By Mónica Delgado
Shoplifters carries, in a lesser scandalous and miserabilistic tone, some components that are usually liked by juries, eager for political correctness and attentive to a cinema which reflects the moral and economical poorness that humanity is living. We know that in different film festivals, certain “themes” are favored in contrast to the detriment of aesthetics or formal proposals in cinema. A vastly virtuous, creative, original film, may be left out of certain value judgments because it doesn’t talk about refugees, femicide, people trafficking of fratricide wars. Thus, the “urgency” is awarded, necessary films that arrive just in the precise moment to soften consciences or put in agenda some news-worthy topics assumed in their mise in scene, appealing to a fake “art-house”. And if maybe, Hirokazu Kore-eda doesn’t appeal to miserabilism and such, he does board an “urgent” topic of socially marginalized people as a critique to a bureaucratic situation in Japan, narrating the lives of a scammer’s clan that picks up and takes care of children from the street, in the periphery of a country which oppress and separates. The necessary theme pokes out and also the possibility of consensus, in a simple, good-intentioned film, that gave Kore-eda his first Golden Palm.
Shoplifters deals with a usual common sense, about what makes a “true mother”, someone who raises a child or the one who gives birth to it. From this premise, Kore-eda portrays the quotidian life of what could be a father and his little son, shoplifting small things from supermarkets. A couple of petty thieves are the central focus of a story that develops through acts which talk about a “nice” family, where respect and affection primes. Then, the arrival of a neighbor, a four-year old child, abandoned by his parents, will graph the filial nature of this environment, through dinners and visits to the beach. But slowly, Kore-eda will reveal the great state injustice which questions what constitutes a family.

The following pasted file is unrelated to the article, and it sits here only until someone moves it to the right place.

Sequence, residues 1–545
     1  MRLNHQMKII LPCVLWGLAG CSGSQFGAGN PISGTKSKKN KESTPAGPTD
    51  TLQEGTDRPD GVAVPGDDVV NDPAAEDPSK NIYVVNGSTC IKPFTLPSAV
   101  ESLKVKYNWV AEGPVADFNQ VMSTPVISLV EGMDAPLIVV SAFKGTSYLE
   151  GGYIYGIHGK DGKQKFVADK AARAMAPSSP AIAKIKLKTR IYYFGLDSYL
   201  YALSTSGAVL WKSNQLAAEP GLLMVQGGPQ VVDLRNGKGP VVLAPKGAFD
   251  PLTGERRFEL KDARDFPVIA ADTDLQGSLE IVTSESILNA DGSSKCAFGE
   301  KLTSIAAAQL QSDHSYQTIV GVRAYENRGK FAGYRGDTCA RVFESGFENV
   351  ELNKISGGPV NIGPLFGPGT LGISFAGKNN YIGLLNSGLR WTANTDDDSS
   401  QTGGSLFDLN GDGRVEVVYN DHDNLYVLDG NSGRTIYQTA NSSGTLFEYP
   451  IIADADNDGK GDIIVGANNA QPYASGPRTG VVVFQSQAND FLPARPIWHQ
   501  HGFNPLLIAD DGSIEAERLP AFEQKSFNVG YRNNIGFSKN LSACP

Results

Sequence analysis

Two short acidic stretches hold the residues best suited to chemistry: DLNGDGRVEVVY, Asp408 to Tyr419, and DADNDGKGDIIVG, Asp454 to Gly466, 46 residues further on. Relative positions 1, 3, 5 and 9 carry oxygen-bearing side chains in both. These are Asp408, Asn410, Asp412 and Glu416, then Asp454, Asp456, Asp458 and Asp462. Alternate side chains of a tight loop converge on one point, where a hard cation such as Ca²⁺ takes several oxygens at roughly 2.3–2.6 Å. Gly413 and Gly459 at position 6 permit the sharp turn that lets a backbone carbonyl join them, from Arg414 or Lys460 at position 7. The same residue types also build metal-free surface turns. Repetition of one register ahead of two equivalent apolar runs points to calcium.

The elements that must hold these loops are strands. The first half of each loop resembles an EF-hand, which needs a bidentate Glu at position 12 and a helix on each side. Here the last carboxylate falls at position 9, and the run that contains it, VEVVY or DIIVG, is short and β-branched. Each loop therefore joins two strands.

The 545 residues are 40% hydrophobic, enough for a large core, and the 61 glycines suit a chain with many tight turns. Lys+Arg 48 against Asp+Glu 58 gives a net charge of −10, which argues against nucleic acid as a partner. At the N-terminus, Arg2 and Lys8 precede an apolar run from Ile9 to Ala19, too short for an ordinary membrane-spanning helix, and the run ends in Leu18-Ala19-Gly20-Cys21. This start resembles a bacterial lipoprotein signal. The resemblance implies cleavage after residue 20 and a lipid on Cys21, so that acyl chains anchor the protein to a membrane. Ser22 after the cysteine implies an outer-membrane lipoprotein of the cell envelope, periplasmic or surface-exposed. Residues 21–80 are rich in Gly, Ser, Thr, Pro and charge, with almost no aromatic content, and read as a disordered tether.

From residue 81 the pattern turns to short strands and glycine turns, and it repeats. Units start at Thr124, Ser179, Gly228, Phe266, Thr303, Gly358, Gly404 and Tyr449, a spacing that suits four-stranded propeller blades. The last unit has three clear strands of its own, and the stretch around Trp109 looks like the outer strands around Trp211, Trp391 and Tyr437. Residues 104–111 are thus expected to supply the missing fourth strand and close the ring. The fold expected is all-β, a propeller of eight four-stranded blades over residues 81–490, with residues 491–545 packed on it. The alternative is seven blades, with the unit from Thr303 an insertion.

As in Nobody Knows (2004), Kore-eda narrates again, from the keys of melodrama, some acts of survival of the declassed. This time, he sets his gaze in this family of scammers and places it as a model of what could be a real love relationship between parents, children, and brothers, where the real filial links don’t exist. Kore-eda bet shows that in today’s Japan, the state and its bureaucracy are the great obstacle for atypical families and their affirmation of love.
In Shoplifters nothing is what it seems to be, and Kore-eda choses a staging of interiors, where the warmth of this family primes, without appealing to over dramatizations. If the description of this family (with a grandmother, spouses and children) is maybe shown with an eye of admiration, Kore-eda appeals to cheap, predictable drama with the inclusion of the state role, in its thesis part.
Anyway, Kore-eda’s film turned out to be a benign election against the possibility of making miserabilism or political correctness (we just have to remember the disaster of I, Daniel Blake…) win the coveted Golden Palm.
Official Competition – Golden Palm 2018
Director, Script: Hirokazu Kore-eda
Producers: Matsuzaki Kaoru, Yose Akihiko, Taguchi Hijiri
Cast: Lily Franky, Sakura Ando, Mayu Matsuoka, Miyu Sasaki, Kirin Kiki
Music: Haruomi Hosono
Cinematography: Kondo Ryuto
Editing: Hirokazu Kore-eda
Production Company: Aoi Pro, Inc.
Japan, 2018, 121 minutes